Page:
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Thread: A sword with Indian Mutiny connection

  1. #51
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    I could not see any sign of a crest or coat of arms on R B Smith's memorial:
    http://www.victorianweb.org/sculpture/philip/17.html

    But then a breakthrough!

    Smith's crest is shown on this book at does appear in Fairbairn's as well. So it is definitely NOT R B Smith:
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    Last edited by Matt Easton; 07-19-2019 at 12:50 AM.

  2. #52
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    A remaining potential Smith/Smyth candidate is Edward James Smith (reached Colonel and made Companion of the Bath in 1845) - He was a Captain in 1843-44 in Scinde and served in the Sikh Wars of 1845-46 as Lieut-Colonel. He could have ordered this sword before or after that campaign.

    Though I have an early Wilkinson which was definitely used in the 45/46 Sikh War and it has an earlier style of etching to this sword. I tend to agree with those above who have said that this looks more like a c.1850 Wilkinson than a c.1845 Wilkinson - the placement of the maker's name and address is a usual indicator.

    This now leads to another possibility.... That the coat of arms is not for Smith or Smyth. When looking for other compatible coats of arms I found a few other possibilities and a viewer of my channel called Ethan Webster has highlighted the possibility of Fraser (we've always questions whether the three 'bezzants' are actially something else, as they do seem to have surface engraving within them):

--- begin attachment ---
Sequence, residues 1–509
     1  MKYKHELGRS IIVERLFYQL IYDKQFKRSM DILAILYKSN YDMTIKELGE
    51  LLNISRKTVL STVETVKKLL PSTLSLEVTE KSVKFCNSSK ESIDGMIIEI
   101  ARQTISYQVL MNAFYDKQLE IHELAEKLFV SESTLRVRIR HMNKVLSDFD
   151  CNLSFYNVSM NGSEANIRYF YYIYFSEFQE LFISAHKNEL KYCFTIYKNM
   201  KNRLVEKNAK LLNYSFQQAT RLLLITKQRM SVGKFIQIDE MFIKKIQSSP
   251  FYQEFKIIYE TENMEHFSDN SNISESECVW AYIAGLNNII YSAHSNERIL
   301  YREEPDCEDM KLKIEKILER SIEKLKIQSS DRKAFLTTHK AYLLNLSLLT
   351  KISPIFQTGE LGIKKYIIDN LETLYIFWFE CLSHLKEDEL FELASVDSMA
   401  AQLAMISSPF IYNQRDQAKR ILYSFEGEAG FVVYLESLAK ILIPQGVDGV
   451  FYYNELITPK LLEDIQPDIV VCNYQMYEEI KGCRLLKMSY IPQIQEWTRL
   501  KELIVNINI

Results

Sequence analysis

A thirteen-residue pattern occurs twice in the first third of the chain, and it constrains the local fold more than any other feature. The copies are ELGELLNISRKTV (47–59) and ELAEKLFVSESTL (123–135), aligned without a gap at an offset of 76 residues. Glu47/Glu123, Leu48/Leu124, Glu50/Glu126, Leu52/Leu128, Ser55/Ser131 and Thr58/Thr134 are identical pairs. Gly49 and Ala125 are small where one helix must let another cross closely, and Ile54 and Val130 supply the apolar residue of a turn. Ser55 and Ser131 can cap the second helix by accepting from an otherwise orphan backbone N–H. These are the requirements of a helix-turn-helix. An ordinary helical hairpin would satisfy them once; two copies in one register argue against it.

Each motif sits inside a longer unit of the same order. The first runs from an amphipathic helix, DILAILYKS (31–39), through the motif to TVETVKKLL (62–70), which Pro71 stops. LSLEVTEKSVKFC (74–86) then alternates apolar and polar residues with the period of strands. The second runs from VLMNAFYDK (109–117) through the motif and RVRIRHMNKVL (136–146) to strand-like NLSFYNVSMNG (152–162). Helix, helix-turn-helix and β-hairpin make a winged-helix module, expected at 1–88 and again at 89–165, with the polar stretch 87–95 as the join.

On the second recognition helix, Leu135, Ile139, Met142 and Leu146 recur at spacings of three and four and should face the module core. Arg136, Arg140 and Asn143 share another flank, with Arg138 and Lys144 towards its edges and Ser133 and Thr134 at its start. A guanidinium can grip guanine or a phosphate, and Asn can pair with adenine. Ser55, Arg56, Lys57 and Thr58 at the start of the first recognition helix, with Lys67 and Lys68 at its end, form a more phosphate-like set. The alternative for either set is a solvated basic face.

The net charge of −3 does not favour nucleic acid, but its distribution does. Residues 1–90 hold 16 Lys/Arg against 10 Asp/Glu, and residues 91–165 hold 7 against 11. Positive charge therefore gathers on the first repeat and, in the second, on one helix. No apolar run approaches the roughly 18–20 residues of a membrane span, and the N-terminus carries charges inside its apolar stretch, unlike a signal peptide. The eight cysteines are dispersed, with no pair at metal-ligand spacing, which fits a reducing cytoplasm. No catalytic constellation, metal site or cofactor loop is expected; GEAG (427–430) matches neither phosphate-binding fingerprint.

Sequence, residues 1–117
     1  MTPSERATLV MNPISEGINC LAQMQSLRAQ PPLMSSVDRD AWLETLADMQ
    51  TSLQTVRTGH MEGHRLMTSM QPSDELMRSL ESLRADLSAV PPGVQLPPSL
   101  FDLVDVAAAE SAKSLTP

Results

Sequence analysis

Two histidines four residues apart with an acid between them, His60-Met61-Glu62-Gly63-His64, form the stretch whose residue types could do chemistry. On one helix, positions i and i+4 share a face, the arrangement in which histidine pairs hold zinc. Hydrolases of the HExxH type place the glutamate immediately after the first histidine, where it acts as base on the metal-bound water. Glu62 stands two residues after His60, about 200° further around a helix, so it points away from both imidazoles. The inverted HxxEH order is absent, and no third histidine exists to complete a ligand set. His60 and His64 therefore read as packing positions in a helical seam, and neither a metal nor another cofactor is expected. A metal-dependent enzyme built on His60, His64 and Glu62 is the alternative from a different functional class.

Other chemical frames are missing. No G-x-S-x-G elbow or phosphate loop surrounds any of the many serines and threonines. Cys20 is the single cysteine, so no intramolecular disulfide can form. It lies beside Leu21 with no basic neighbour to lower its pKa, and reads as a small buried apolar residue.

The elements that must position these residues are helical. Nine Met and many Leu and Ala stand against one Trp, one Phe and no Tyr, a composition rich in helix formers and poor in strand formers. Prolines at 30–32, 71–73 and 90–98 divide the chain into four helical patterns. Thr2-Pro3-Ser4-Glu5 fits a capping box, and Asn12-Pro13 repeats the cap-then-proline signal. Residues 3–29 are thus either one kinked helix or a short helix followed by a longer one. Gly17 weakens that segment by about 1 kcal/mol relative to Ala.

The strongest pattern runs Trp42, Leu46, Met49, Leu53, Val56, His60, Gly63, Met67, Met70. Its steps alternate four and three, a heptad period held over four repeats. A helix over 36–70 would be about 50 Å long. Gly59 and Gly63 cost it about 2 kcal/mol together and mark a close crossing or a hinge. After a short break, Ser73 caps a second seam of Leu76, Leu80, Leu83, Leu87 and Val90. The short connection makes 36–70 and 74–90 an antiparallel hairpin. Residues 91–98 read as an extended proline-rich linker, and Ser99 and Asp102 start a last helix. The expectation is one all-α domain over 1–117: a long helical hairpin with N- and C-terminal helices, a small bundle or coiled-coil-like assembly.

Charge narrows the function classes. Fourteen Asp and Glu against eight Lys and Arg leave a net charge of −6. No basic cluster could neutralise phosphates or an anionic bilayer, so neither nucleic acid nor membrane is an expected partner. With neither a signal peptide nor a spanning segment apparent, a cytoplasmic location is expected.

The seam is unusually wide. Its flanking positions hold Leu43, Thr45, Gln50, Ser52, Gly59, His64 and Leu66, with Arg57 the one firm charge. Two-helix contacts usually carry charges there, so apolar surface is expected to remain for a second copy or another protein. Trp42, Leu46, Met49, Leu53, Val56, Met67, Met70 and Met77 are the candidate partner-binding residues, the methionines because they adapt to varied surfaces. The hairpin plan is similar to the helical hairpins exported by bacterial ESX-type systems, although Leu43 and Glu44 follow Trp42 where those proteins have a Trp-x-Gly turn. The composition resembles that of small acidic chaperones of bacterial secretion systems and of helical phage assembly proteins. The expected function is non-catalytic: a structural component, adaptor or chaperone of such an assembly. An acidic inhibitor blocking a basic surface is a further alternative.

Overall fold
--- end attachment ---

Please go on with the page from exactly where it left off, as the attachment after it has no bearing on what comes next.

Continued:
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  3. #53
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  4. #54
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    Alex Fraser - Lord Saltoun. How does this compare?

    P. S. Just the crest I mean, I can't find a connection of the Lords Saltoun to the Bengal engineers but the crest is a good match for your etching.

    P. P. S. The Alexander fraser who joined the bengal engineers in 1843 has a father James Fraser, Bishop of Manchester of who it is said " eldest son of James Fraser, of a branch of the family of Fraser of Durris". A search on 'Fraser of Durris family crest' appears to link them to the Frasers of Philorth who used the crest below.

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    Last edited by james.elstob; 07-20-2019 at 03:11 AM.

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